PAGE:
SEC Charges BlackRock $2.5 Million for Investment Misreporting


Image of SEC logo and a gavel, BlackRock
BlackRock’s SEC fine raises questions about its suitability for managing a Bitcoin ETF. Image by Sergei Tokmakov, Pixabay.

According to a Tuesday release from the U.S. Securities and Exchange Commission (SEC), BlackRock Advisors LLC has agreed to a $2.5 million penalty for failing to accurately describe investments in the entertainment industry.

The development is of particular interest as it coincides with speculation around BlackRock’s spot Bitcoin ETF.

What Did BlackRock Get Wrong?

According to the SEC

, from 2015 to 2019, BlackRock’s Multi-Sector Income Trust made substantial investments in Aviron Group, a firm that specialized in developing advertising plans for films. Despite the firm’s role in the trust’s portfolio, BlackRock mischaracterized Aviron as a “Diversified Financial Services” entity in multiple annual and semi-annual reports. Additionally, BlackRock claimed higher interest rates paid by Aviron than were actually the case. The discrepancies were later identified and corrected by BlackRock in 2019.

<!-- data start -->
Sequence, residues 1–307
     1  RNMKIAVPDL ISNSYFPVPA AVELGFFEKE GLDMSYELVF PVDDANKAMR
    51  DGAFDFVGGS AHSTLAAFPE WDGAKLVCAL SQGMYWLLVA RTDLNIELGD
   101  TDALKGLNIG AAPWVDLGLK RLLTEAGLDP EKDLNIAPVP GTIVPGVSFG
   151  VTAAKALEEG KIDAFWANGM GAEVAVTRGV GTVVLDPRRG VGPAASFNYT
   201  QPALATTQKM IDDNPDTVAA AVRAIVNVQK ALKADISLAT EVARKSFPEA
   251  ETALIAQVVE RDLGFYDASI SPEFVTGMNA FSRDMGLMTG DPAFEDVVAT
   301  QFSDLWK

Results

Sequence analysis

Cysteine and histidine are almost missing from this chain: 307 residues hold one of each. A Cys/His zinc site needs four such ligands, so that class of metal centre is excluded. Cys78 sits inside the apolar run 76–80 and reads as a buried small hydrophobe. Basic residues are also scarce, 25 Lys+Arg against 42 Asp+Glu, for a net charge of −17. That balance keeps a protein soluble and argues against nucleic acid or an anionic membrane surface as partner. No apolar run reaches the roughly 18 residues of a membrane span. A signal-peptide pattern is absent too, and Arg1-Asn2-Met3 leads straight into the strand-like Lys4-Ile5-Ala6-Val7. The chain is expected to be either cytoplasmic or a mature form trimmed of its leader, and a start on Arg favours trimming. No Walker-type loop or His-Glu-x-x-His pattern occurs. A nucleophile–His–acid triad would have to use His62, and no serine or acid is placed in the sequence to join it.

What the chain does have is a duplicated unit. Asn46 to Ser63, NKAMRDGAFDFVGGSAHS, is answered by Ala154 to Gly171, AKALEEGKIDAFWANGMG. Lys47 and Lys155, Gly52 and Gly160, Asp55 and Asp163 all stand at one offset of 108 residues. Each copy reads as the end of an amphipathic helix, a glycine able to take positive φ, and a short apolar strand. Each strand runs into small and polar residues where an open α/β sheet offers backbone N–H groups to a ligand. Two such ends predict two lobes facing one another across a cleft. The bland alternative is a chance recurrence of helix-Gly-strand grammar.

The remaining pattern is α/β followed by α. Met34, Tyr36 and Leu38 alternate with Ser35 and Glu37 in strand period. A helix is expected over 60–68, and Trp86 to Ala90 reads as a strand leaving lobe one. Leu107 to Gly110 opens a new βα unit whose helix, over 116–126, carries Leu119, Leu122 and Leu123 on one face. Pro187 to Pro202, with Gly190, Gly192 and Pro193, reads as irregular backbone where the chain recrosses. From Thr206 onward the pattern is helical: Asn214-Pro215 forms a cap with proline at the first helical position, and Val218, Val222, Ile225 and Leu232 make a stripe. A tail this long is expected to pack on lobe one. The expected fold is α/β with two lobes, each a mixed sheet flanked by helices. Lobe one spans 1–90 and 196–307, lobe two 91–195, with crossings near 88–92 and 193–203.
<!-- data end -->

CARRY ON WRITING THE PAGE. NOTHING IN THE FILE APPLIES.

The SEC’s investigation was led by Salvatore Massa and Brian Fitzpatrick under the supervision of Andrew Dean and Corey Schuster, all part of the Enforcement Division’s Asset Management Unit.

Parallel Events: The Case of the Spot Bitcoin ETF

The SEC’s announcement against BlackRock occurred on the same day the firm’s spot Bitcoin ETF appeared on the Depository Trust & Clearing Corporation (DTCC) listing. Eric Balchunas, a senior Bloomberg ETF analyst, noted that the DTCC listing was “all part of the process” for bringing a Bitcoin ETF to market. The spot Bitcoin ETF vanished from the DTCC platform for several hours before reappearing, however, sowing confusion among market watchers.

A DTCC spokesperson clarified that the iShares Bitcoin ETF has been on the platform since August and stated the listing is not a signal of any impending regulatory approval.

The recent charge occurred amid heightened scrutiny from the SEC over firms dealing with cryptocurrency assets– and the SEC’s action against BlackRock could have larger implications for crypto regulation. This is particularly important since BlackRock, along with other financial institutions, is waiting for the SEC’s decision on their respective Bitcoin ETF applications. While BlackRock has corrected its reporting inaccuracies, the charge raises questions about how the SEC views the firm’s managerial competencies, especially as it waits for approval for its crypto investment products.





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